FVM is used for the discretization of the prescribed governing equations with their suitable boundary conditions with the integration of the spatial-temporal of the conservation equations. Initially, Eqn (20) is being solved numerically and is quite challenging due to the exponential nonlinearity associated with the hyperbolic-sine function. In order to eliminate these challenges, a Taylor series expansion of the right-hand side term is employed for linearization of the nonlinear source term of Eqn (20), and the equation is then solved by using point successive over-relaxation (PSOR) method, which is a variant of the Gauss–Seidel method for solving a linear system of equations that results in faster convergence. The numerically obtained electro-osmotic potential distribution is compared with the analytical solution of Eqn (20) by eliminating the nonlinearity with Debye-Huckel guesstimate which is effective only when ζ ≤ 25.4 mV (Saleel et al., 2013; Saleel et al., 2020). The numerically obtained electro-osmotic potential is impregnated in Eqn (19) and is being solved by powerful and accurate TDMA.

3. Results and discussions

The theoretical (analytical) and numerical solutions of the electro-osmotic potential distribution across the channel as a function of various values of β for a constant value of α = 1.0 are depicted in Figure 3. As it is understood from Figure 3, thickness of EDL increase and covers the entire channel with the decrease in the value of β. When β = 1.0, there is disparity between analytical and numerical solutions. The reason for the same is explained as follows. The analytical solution is only valid with Debye-Huckel assumption and is invalid when the value of β decreases as well as when the value of α increases. For the high value of β, the EDL is confined and restricted to the channel walls, results in sharp variations in the distribution of electro-osmotic potential. It is obvious that for a constant value of β and for different increased values of α, the curves show an abrupt decay of the electro-osmotic. Figure 4 shows the theoretical (analytical) and numerical solutions of pure electroosmotic flow velocity across the channel as a function of various values of β at a constant value of α = 1.0.

It is clear that when the value of β is decreased, the profile deviates gradually from “plug shape” which is the characteristic feature of pure electro-osmotic flow with thin EDL.

Numerical solution of stream wise velocity electro-osmotic Cuette flow is depicted in Figure 5 when β = 10000.0, in Figure 6 when β = 1000.0, in Figure 7 when β = 100.0, in Figure 8 when β = 10.0 and in Figure 9 when β = 1.0. Here the velocity profile is plotted across the channel height with joule heating effect when α = 1.0. As the value of Gamma increases from 0.1 to 0.7, it progressively accommodates the significance of temperature-dependent dynamic viscosity in flow silhouette. Gamma = 0.0 denotes the temperature independent dynamic. As Gamma increases, the viscosity of the dielectric fluid drops; this in sequence results in an elevation of velocity. As an outcome, the flow gradually starts tilting towards the upper plate as Gamma becomes larger and larger since the upper wall is hotter compared to the bottom wall.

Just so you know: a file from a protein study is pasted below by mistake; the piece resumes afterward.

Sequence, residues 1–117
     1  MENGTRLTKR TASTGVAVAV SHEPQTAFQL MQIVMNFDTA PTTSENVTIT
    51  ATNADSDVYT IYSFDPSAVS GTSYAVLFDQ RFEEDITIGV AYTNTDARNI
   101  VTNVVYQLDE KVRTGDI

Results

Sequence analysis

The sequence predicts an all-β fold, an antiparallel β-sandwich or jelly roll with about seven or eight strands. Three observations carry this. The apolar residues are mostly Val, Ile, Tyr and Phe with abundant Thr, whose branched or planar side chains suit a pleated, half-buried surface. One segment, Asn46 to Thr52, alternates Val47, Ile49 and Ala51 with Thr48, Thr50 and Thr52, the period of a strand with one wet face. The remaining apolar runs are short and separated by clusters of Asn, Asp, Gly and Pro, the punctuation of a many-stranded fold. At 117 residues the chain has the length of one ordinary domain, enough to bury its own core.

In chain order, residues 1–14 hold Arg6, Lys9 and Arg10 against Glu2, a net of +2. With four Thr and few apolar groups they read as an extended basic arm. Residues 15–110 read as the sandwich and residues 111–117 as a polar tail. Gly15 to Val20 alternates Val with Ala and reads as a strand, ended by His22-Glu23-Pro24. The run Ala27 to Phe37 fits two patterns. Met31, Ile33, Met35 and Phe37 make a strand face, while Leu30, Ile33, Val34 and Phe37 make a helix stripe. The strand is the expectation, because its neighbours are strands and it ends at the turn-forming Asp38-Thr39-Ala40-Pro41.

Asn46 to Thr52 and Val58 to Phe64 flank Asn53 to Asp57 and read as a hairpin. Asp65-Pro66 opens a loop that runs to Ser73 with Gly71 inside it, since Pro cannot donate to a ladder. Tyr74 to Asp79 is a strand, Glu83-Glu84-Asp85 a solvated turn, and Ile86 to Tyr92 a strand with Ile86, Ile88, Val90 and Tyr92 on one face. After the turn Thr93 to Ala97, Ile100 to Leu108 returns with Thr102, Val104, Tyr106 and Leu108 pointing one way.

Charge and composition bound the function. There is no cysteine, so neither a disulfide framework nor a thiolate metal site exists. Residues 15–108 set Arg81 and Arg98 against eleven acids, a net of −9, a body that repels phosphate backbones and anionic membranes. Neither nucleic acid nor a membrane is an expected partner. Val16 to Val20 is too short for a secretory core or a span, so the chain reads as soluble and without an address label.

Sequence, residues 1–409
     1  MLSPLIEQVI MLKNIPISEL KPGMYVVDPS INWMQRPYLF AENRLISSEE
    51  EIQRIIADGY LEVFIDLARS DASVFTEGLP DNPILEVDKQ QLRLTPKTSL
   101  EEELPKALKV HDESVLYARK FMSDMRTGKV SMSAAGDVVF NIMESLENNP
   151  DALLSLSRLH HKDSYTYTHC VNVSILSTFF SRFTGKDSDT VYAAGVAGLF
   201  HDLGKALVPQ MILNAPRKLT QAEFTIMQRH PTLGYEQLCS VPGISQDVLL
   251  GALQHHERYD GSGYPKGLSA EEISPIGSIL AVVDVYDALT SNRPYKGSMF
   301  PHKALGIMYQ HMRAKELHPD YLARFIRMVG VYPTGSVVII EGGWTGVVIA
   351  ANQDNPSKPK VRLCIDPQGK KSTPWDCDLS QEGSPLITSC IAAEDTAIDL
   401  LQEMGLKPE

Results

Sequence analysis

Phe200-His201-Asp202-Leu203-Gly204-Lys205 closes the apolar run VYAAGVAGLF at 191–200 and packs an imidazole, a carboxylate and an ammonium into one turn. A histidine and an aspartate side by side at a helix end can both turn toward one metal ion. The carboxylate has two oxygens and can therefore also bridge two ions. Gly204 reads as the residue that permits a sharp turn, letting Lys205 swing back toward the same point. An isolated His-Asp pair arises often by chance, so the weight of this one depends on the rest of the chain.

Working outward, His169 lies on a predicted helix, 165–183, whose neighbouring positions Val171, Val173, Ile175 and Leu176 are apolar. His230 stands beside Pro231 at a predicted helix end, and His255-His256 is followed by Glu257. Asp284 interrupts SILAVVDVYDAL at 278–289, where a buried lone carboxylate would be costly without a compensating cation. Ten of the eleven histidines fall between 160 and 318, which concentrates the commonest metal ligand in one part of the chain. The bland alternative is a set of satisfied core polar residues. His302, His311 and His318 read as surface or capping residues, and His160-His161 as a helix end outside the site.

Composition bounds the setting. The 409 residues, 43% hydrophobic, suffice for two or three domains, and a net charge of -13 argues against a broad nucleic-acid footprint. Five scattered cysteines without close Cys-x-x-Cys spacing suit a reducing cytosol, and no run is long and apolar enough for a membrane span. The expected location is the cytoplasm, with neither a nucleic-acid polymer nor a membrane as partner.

Numerical solution of stream wise velocity in pressure driven electro-osmotic Couette flow is shown in Figure 10 when β = 10000.0, in Figure 11 when β = 1000.0, in Figure 12 when β = 100.0, in Figure 13 when β = 10.0 and in Figure 14 when β = 1.0. Here the velocity profile is plotted across the channel height with joule heating effect when α = 1.0.

As the value of Gamma increases from 0.1 to 0.7, it progressively incorporates the significance of temperature-dependent dynamic viscosity in flow profile. Gamma = 0.0 denotes the temperature independent dynamic. As Gamma increases, the viscosity of the dielectric fluid drops; this in turn results in an elevation of velocity. As an outcome, the flow gradually starts tilting towards the upper plate as Gamma becomes larger and larger since the upper wall is hotter compared to the bottom wall.

The results of the current numerical simulations reveal that the flow control in microfluidic devices is possible with the increased non-uniform pure EOF-Couette/pressure driven Couette-EOF velocity field. The normal “plug-like” shape is deviated and this deviation may be helpful in flow control in electroosmotic pumps. The deviation from its normal shapes may be clarified in par with the effect of Joule heating. The mean temperature of the dielectric solution is increased by means of Joule heating effect. The increase in temperature affect the dynamic viscosity of the solution and alter the velocity profile in such a way that it varies across the flow direction. This altered velocity profile helps in creating a pumping effect and flow control in microfluidic devices. The inner pressure gradient induced in the flow ensure the conservation of mass and would establish a “suction” effect that results in a fully developed flow.

4. Conclusion